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6 Expert Tips for Introducing a Puppy to Your Home

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Bringing a new pup home involves a lot more than buying it a cozy bed and getting a supply of dog food. Puppy training manuals, such as How to Teach a New Dog Old Tricks: The Sirius Puppy Training Manual and After You Get Your Puppy by British vet and animal behaviorist Dr. Ian Dunbar, can be a great help.

But to apply the lessons taught in those books, you need to be present as much as possible for the first few weeks of a dog’s new life in your home. Here’s a few tips to try:

Find a space for your pup.

First off, the pup will need a refuge — a cozy, quiet place of its own — until it adjusts to its new surroundings. This can be a partitioned corner of a quiet room, or even a travel crate, furnished with some bedding and chew toys, where it can retreat and feel safe. Anytime you can’t be physically present to supervise the pup, it should be secured in its safe place.

Establish behavioral rules immediately.

As Dr. Dunbar says, “If you want your dog to follow the rules of the house, by all means, do not keep the rules a secret.” Show the pup its toilet area straight away, and take it there frequently so it gets the message, and reward it when it goes in the right place. If it chews on something it shouldn’t, immediately exchange the forbidden object for one of its chew toys, which should be always available. Puppies chew, so get used to it.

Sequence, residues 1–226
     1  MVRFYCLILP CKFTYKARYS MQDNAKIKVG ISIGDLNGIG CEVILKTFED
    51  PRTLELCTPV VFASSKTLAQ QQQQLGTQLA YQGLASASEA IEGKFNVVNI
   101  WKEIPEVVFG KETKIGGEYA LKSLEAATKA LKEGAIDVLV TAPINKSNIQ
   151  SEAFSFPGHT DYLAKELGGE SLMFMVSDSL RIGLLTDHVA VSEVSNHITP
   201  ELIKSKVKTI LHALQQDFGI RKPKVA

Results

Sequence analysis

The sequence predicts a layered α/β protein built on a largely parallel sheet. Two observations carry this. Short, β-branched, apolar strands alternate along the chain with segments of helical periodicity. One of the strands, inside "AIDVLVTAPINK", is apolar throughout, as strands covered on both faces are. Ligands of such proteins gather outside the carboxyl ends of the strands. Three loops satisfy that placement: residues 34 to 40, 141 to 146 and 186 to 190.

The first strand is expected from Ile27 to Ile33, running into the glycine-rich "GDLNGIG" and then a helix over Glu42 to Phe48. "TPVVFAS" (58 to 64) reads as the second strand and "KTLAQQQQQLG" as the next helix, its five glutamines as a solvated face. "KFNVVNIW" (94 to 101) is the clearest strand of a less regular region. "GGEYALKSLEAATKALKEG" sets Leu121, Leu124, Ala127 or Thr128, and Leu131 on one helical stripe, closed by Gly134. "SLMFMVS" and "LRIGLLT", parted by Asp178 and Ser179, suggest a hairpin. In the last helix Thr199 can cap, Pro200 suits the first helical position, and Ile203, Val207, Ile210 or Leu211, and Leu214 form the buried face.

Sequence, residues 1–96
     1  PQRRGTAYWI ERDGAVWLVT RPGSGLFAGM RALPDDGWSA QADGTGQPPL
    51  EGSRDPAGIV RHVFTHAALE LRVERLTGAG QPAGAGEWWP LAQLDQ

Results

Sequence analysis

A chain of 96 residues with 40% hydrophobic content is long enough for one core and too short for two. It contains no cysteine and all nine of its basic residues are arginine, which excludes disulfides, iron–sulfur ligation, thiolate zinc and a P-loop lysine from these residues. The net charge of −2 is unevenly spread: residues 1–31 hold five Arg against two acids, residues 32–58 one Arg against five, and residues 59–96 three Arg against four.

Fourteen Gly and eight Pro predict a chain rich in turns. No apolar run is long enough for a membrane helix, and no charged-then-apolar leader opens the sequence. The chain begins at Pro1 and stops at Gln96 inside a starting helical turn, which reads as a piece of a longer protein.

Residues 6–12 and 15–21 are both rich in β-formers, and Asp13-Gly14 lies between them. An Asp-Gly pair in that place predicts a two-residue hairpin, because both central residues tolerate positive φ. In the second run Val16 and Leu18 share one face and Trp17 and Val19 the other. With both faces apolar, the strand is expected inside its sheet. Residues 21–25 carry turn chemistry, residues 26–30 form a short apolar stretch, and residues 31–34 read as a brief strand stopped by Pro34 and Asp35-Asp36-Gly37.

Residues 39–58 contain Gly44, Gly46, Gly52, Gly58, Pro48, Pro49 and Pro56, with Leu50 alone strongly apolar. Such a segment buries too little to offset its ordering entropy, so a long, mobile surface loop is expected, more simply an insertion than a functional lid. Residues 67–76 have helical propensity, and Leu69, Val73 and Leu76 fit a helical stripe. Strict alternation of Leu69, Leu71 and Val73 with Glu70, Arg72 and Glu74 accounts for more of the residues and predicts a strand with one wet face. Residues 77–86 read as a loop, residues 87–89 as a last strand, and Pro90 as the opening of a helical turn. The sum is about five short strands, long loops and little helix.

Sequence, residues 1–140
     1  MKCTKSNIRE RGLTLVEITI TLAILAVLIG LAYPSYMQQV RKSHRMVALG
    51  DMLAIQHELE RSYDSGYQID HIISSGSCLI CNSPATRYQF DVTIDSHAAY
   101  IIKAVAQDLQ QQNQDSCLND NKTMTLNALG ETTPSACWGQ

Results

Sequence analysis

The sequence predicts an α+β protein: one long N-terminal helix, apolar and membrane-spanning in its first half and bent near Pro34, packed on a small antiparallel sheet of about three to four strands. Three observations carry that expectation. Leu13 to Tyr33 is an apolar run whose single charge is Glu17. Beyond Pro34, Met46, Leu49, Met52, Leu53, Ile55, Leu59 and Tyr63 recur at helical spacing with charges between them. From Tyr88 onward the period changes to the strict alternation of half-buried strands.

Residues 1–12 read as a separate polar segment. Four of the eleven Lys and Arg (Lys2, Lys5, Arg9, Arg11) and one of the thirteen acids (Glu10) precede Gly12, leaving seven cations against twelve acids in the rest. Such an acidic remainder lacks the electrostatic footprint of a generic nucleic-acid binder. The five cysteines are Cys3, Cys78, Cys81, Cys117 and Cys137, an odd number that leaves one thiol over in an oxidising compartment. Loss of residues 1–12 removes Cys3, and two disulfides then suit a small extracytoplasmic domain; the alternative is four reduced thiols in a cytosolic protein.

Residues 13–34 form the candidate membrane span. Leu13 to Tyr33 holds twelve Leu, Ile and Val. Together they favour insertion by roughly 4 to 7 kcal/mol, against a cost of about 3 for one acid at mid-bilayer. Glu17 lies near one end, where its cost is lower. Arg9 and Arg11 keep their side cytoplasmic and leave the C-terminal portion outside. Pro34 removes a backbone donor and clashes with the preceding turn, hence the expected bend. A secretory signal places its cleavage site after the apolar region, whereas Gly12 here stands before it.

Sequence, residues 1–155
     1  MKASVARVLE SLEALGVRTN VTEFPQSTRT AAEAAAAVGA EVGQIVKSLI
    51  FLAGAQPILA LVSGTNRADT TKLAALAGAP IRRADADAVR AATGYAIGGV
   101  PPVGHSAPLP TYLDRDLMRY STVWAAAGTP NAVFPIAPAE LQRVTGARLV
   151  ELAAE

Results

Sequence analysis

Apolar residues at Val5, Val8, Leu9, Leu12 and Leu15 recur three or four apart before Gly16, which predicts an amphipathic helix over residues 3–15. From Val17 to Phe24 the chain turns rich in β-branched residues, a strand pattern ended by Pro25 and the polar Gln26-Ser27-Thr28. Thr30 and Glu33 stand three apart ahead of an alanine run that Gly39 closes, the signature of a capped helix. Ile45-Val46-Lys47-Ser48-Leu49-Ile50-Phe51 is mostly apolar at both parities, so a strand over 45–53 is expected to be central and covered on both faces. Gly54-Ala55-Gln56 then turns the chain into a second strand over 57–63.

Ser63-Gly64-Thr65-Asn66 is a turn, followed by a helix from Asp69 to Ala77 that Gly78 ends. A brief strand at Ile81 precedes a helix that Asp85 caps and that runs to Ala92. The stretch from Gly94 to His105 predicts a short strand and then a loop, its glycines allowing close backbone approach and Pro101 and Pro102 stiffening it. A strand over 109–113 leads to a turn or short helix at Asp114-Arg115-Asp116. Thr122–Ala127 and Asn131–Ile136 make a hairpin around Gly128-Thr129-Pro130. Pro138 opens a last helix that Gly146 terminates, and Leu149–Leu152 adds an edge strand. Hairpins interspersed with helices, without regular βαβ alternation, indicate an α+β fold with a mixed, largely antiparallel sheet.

Introduce new people and other animals gradually.

To avoid needlessly stressing your pup in social situations, introduce new people and other animals very gradually, always allowing it access to its ‘safe space’ so it can retreat there if it feels overwhelmed or threatened. And make sure it can always get to its toilet area, too, in case it needs to go.

Familiarize your puppy with it’s surroundings.

Allow your puppy to familiarize itself with the house and backyard, if there is one, but keep a watchful eye and don’t let it wander around unsupervised. And keep those chew toys handy to distract it if it starts to do things it shouldn’t, such as dig up the garden or vandalize the laundry basket. After two to three weeks your new arrival should start feeling secure and confident in its new surroundings.

Off to school.

A course of puppy obedience classes where both of you will learn more about how to get along with each other and your dog can meet new humans and canines in greater number and begin to feel comfortable around them.

Out and about.

Once it has learned to walk on a leash, the puppy can begin to experience short excursions around the neighborhood — make sure it is fully vaccinated first. After the pup is used to obeying your calls, it’ll be time to introduce it to other dogs down at the local leash-free park. It’s a big, interesting world for a dog. Training yours early will make sure it enjoys it to the fullest.

This article originally appeared on our sister site, Homes to Love.

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